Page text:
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The Skin’s Chromatic Range: Freckles

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Freckles, or ephelides, are a benign skin discoloration caused by an increase in melanin pigment in the epidermis. Interestingly, it is not due to an increase in the number of melanin-producing cells, called melanocytes, but rather to an increase in melanin production by the existing melanocytes.

A second curiosity is that although melanocytes produce melanin, they do not store it. They synthesize it within vesicles called melanosomes and send it to the keratinocytes, which are responsible for its distribution. Melanin not only serves the purpose of changing our color and choosing our chromatic range, but it also plays a crucial role in protecting us against ultraviolet radiation.

Because their function is to protect against UV radiation, these small skin spots are more commonly found on the face, shoulders, and upper back—areas that are often exposed to sunlight.

In general, freckles are benign, but there are certain signs that indicate when a freckle should be treated.

Freckles can be divided into two types based on their origin. First, there are congenital freckles, which are present from birth. Second, there are freckles that appear during childhood, adolescence, or adulthood, which are more common.

Freckles are more frequent during childhood and adolescence and tend to fade with age, although sun exposure can cause them to reappear. They are also often associated with an individual’s ability to produce melanin.

It has been observed that individuals with a lower melanin synthesis tend to have a higher presence of freckles. This suggests that people with a significant number of freckles are more sensitive to sunlight.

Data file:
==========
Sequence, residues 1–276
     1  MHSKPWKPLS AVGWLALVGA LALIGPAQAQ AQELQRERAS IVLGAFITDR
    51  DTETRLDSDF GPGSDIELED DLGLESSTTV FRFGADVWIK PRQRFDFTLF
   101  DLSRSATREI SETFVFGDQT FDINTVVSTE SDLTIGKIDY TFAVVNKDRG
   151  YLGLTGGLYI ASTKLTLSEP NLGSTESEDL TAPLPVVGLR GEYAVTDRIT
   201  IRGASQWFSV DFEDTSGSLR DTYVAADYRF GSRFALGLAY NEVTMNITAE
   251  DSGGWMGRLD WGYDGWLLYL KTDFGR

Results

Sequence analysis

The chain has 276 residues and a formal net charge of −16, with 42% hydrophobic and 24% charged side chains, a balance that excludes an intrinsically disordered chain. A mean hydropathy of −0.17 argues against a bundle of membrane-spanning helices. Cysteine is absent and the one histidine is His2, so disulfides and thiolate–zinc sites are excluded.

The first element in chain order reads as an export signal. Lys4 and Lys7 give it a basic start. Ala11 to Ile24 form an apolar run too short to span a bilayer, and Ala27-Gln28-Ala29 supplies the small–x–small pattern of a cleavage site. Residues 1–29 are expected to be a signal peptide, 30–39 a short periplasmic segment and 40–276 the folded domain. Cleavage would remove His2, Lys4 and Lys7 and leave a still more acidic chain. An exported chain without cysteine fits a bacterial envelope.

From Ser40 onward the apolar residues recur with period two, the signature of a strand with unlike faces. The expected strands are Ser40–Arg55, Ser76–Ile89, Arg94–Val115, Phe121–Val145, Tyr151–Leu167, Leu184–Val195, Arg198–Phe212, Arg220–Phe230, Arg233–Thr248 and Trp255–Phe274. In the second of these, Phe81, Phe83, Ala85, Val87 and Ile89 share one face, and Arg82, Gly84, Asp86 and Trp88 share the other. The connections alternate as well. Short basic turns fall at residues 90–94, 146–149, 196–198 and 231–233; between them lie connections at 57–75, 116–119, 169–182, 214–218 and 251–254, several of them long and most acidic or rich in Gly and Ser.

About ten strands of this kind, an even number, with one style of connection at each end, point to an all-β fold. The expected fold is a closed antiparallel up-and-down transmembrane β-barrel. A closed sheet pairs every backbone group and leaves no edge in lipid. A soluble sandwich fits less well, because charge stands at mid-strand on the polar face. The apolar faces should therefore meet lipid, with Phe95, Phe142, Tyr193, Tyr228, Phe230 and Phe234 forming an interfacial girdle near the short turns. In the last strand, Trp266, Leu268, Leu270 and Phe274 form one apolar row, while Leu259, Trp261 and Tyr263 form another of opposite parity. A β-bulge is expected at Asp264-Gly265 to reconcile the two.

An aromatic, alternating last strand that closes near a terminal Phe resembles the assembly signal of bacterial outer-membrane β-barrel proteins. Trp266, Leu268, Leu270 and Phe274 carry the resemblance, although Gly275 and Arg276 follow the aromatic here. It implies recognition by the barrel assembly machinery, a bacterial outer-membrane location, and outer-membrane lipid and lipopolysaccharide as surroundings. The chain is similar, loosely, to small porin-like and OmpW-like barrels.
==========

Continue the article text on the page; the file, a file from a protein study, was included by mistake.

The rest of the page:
The Skin's Chromatic Range: Freckles

When Genes Give You Freckles

There is also a genetic component. As a result, there will be people who have freckles and others who don’t, even if they have very similar skin and/or have been exposed to the sun for the same amount of time.

Studies have linked the presence of the melanocortin-1 receptor gene (MC1R) and its variants to the development of freckles. It is not uncommon for individuals with specific variants of this gene to have an abnormal number of freckles, although it does not have to occur in all cases.

This gene has also been associated with an increased risk of developing skin cancer, as individuals carrying the MC1R gene have a higher sensitivity to the sun and show regular changes in skin pigmentation.

And why do red-haired people often have freckles? Exactly, it’s because of genes. Red-haired individuals have mutations in the MC1R gene. In fact, the MC1R gene is more closely related to red hair than to freckles themselves.

Therefore, redheads are more likely to have freckles because they are more affected by solar radiation, as pheomelanin (the chemical responsible for lighter hair colours) is photosensitive. For this reason, they are more prone to sunburn and should protect themselves with higher SPF (sun protection factor) creams.

For individuals who are more prone to freckles, such as redheads and those with fairer skin, it is important to regularly check their freckles and moles for any changes or suspicious irregularities. This way, if a melanoma (a highly aggressive type of skin cancer) is developing, it can be detected in time.